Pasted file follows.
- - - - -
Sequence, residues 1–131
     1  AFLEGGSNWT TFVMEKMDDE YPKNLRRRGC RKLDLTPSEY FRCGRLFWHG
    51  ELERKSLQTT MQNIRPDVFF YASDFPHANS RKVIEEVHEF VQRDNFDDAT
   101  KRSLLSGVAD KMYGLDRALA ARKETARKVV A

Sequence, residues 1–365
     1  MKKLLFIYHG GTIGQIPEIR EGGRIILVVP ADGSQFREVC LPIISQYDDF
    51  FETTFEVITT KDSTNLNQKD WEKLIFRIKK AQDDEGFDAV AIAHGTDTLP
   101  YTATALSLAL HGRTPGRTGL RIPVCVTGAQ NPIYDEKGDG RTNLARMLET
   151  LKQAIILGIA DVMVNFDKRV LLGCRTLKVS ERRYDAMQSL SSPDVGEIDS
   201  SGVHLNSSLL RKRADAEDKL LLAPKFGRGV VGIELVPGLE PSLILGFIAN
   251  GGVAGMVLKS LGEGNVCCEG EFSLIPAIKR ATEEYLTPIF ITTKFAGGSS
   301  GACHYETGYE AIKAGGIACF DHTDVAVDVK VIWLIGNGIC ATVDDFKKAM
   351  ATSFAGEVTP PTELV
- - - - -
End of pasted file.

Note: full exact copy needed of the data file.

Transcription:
Sequence, residues 1–131
     1  AFLEGGSNWT TFVMEKMDDE YPKNLRRRGC RKLDLTPSEY FRCGRLFWHG
    51  ELERKSLQTT MQNIRPDVFF YASDFPHANS RKVIEEVHEF VQRDNFDDAT
   101  KRSLLSGVAD KMYGLDRALA ARKETARKVV A

Sequence, residues 1–365
     1  MKKLLFIYHG GTIGQIPEIR EGGRIILVVP ADGSQFREVC LPIISQYDDF
    51  FETTFEVITT KDSTNLNQKD WEKLIFRIKK AQDDEGFDAV AIAHGTDTLP
   101  YTATALSLAL HGRTPGRTGL RIPVCVTGAQ NPIYDEKGDG RTNLARMLET
   151  LKQAIILGIA DVMVNFDKRV LLGCRTLKVS ERRYDAMQSL SSPDVGEIDS
   201  SGVHLNSSLL RKRADAEDKL LLAPKFGRGV VGIELVPGLE PSLILGFIAN
   251  GGVAGMVLKS LGEGNVCCEG EFSLIPAIKR ATEEYLTPIF ITTKFAGGSS
   301  GACHYETGYE AIKAGGIACF DHTDVAVDVK VIWLIGNGIC ATVDDFKKAM
   351  ATSFAGEVTP PTELV